Photographer Mike Beedell, Canadian artist Allen Smutylo and I set out on the seven-hour boat ride from Infierno to the research centre in a 16-metre canoe, just wide enough for two abreast through its mid-section. The hulls of the dugouts that pass us sit deep in the water, with as little as 15 cm of freeboard when loaded with tropical produce - bananas, papayas and Brazil nuts, all tarped with banana fronds. Some are powered by long-shafted outboards, cast far out behind the stern, the blades of the tiny props just below the water surface.

Our motor is large at 65 hpw, yet with our heavy load the canoe looks like a sofa powered by a hand-held blender. As we travel, the dugout's slight wake rolls gently towards the shore, where children, naked except for the splashes of clay on their tawny bodies, play in the water. Families of capybaras, the world's largest rodent, also gambol on the banks; the adults stretch more than a metre long, their Roman noses and small ears giving their faces a profile not unlike a lion's. Occasionally jaguars ease along these shores as well.

Yellow-headed, side-necked turtles lie nose-to-tail on logs along the riverbank, like a multi-car pileup. Sulfur butterflies flutter around their eyes sipping turtle tears. The scientific reason is that they are after the salt, but I prefer a more poetic etiology, reminiscent of a Rudyard Kipling "Just So" story: How the turtle lost its sorrow.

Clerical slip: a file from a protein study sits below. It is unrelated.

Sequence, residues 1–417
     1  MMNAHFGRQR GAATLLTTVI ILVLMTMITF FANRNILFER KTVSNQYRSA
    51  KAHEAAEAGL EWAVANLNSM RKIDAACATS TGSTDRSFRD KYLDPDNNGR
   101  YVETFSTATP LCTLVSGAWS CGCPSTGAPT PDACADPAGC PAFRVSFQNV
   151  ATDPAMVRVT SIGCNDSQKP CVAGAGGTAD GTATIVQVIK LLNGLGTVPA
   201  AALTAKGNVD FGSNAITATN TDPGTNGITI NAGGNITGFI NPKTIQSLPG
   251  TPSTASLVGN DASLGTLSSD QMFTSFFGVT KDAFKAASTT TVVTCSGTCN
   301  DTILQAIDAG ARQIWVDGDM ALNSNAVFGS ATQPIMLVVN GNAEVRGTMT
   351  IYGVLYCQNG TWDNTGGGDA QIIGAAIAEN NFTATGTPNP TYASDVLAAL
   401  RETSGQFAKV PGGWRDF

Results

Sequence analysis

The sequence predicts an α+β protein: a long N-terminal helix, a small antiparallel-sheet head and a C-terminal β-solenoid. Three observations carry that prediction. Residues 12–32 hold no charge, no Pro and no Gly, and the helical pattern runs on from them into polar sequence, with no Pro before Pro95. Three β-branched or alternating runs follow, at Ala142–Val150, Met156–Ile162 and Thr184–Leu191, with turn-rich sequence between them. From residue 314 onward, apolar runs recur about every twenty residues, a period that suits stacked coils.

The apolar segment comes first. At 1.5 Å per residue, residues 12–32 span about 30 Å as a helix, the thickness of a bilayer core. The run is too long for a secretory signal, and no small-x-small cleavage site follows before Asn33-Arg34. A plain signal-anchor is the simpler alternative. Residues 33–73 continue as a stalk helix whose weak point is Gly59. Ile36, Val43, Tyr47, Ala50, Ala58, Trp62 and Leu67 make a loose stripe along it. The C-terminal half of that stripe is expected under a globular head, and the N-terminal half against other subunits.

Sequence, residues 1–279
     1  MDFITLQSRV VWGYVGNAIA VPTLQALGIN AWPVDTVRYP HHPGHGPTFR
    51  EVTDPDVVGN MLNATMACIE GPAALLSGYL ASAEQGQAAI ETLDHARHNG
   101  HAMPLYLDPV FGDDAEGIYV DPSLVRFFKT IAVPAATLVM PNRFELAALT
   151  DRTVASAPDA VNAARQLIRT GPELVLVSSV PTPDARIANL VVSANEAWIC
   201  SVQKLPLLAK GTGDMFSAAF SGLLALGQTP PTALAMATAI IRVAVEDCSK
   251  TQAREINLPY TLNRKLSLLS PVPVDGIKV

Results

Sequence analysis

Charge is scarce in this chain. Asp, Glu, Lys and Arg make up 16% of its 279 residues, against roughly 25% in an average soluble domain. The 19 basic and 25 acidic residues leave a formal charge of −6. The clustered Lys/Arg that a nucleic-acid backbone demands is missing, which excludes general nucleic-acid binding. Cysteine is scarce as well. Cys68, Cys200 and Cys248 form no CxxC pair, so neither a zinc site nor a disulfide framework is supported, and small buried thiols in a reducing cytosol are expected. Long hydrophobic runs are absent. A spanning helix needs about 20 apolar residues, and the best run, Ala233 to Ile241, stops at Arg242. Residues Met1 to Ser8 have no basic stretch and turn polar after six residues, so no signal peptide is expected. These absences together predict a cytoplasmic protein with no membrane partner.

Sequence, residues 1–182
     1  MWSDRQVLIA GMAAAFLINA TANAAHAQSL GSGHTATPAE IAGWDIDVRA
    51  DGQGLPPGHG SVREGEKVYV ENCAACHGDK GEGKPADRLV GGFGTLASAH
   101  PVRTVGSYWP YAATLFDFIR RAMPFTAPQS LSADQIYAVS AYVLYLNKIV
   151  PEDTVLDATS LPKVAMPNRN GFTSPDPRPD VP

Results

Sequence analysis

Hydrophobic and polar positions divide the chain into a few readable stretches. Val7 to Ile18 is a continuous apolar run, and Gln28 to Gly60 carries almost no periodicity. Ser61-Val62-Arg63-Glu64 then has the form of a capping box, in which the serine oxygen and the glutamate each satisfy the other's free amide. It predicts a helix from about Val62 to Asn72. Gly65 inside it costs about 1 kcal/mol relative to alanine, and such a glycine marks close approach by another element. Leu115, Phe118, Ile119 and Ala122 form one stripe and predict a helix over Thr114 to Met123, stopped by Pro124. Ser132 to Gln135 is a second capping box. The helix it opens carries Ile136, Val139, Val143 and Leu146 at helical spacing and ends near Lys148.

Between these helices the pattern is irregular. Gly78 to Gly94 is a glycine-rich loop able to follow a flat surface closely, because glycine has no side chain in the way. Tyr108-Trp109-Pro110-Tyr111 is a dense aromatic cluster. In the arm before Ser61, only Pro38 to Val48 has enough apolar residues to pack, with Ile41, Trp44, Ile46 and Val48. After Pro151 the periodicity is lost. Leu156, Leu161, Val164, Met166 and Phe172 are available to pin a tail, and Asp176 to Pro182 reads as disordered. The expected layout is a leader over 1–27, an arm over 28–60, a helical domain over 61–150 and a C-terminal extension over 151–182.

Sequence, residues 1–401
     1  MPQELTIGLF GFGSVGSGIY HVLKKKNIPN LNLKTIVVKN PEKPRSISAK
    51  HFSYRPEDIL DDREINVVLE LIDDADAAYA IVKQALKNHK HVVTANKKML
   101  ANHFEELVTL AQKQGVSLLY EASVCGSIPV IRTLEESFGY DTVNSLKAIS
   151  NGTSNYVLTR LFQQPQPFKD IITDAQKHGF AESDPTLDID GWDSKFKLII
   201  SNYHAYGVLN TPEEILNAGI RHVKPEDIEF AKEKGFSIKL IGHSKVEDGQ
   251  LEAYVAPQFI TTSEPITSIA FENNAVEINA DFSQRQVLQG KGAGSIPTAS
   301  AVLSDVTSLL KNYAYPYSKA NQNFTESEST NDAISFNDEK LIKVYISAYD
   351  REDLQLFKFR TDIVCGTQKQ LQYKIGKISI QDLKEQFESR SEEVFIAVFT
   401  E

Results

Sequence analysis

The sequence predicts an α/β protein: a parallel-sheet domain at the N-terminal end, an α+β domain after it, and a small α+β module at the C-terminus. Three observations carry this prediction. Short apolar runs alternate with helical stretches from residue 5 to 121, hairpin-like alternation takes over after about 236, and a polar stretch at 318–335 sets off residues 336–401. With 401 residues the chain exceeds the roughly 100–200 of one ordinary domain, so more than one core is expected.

The short shoreline along the Tambopata gives way to grass growing in the silt deposits at river bends, then to the feathery blond pennants of cana brava, a relative of sugar cane, rustling with the breeze. Immediately behind the cane rises the thick wall of the jungle, like an impenetrable green fortress, receding into black.

An Inuk woman who had lived most of her life well above the tree line in the eastern Arctic once told me she had little tolerance for life in southern Canada, a reaction, I thought, to the hurried, materialistic life of the south. "No," she said, "too many trees. I can't see a thing." The Amazon would have blinded her.

Only a river wide enough to rend the thick fabric of the vegetation will allow one to step back and get a sense of the endlessness of the jungle. It is hard here to see the forest for the trees, but it is also hard to see the trees for the forest. Kapok trees stretching 30 metres in diameter at their base stand as pillars of the jungle, but philodendrons, orchids, ferns and the tangled web of liana and strangler vines fill in all the blank spaces.

Above, the wide-reaching tops of cecropia close off the sky like a 60-metre umbrella, except where some trees such as ironwood and almendro break through. Where the riverbank was exposed, we could clearly see the fragile base underlying this exuberant growth. Only a very thin veneer of topsoil holds the jungle together. Below it lies a nutrient-poor substratum of clay that provides a poor foundation for the exuberant growth it supports. Tree roots grip the ground tenuously like octopus tentacles on linoleum.